(45)

Note that ARMA filter is an unnormalized version of PPNP. When a+b=1, ARMA filter becomes PPNP.

5.4 Connection among spectral methods

There is a strong-tie among the above-mentioned three groups of spectral methods in the perspective of generalization and specialization, as shown in Fig. (1): (1) Generalization: Frequency Aggregation can be extended to Order of Connectivity by adding more higher order of eigenvalues, i.e., 1k. Order of Connectivity can be upgraded to Approximation Type if the denominator of filter function is not 1; (2) Specialization: Frequency Aggregation is a special case of Order of Connectivity by setting the highest order to 1. Order of Connectivity is a special case of Approximation Type by setting the denominator of filter function to 1.

6 Conclusion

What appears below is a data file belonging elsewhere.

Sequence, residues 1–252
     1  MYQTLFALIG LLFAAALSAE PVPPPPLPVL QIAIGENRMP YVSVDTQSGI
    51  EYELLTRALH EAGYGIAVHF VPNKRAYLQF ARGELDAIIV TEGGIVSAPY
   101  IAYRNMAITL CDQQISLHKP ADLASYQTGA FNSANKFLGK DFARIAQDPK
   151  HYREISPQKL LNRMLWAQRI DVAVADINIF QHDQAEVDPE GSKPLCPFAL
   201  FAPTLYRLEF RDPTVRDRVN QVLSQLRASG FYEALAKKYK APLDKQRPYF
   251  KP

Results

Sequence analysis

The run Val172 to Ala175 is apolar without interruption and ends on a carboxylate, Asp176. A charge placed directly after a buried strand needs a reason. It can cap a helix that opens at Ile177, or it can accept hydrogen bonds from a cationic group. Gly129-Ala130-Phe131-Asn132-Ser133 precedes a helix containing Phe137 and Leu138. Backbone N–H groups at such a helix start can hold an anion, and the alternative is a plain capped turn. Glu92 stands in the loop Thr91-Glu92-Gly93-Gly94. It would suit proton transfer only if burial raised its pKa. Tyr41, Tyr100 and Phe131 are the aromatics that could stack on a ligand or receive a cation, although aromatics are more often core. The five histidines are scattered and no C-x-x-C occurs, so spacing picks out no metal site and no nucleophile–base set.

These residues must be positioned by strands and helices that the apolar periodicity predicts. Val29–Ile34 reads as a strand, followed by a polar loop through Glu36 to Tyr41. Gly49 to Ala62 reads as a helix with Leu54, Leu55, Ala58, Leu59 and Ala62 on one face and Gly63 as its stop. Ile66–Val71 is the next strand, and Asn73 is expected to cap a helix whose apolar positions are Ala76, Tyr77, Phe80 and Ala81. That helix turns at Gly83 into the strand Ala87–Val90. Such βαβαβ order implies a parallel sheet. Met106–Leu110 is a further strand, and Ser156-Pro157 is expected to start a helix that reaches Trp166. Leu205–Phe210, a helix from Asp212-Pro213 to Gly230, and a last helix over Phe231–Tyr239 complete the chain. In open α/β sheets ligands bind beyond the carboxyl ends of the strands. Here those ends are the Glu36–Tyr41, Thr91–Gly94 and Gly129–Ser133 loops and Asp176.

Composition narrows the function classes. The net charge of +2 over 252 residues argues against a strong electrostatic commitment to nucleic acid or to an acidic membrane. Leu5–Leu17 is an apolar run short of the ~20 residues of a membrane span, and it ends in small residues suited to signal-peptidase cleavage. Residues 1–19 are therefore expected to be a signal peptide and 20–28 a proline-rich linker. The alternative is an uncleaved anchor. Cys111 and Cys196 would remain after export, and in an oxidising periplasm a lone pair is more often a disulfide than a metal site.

In this paper, we propose a unified framework that summarizes the state-of-the-art GNNs, providing a new perspective for understanding GNNs of different mechanisms. By analytically categorizing current GNNs into the spatial and spectral domains and further dividing them into subcategories, our analysis reveals that the subcategories are not only strongly connected by generalization and specialization relations within their domain, but also by equivalence relation across the domains. We demonstrate the generalization power of our proposed framework by reformulating numerous existing GNN models. The above survey of the state-of-the-art graph neural networks, showing that GNNs is still a young research area. Increasing number of emerging GNN models [15, 54, 9, 47, 51, 40] makes the theoretical understanding [34, 39] a urgent need. Therefore, the next-generation GNNs are expected to be more interpretable and transparent to the application [18, 3, 55].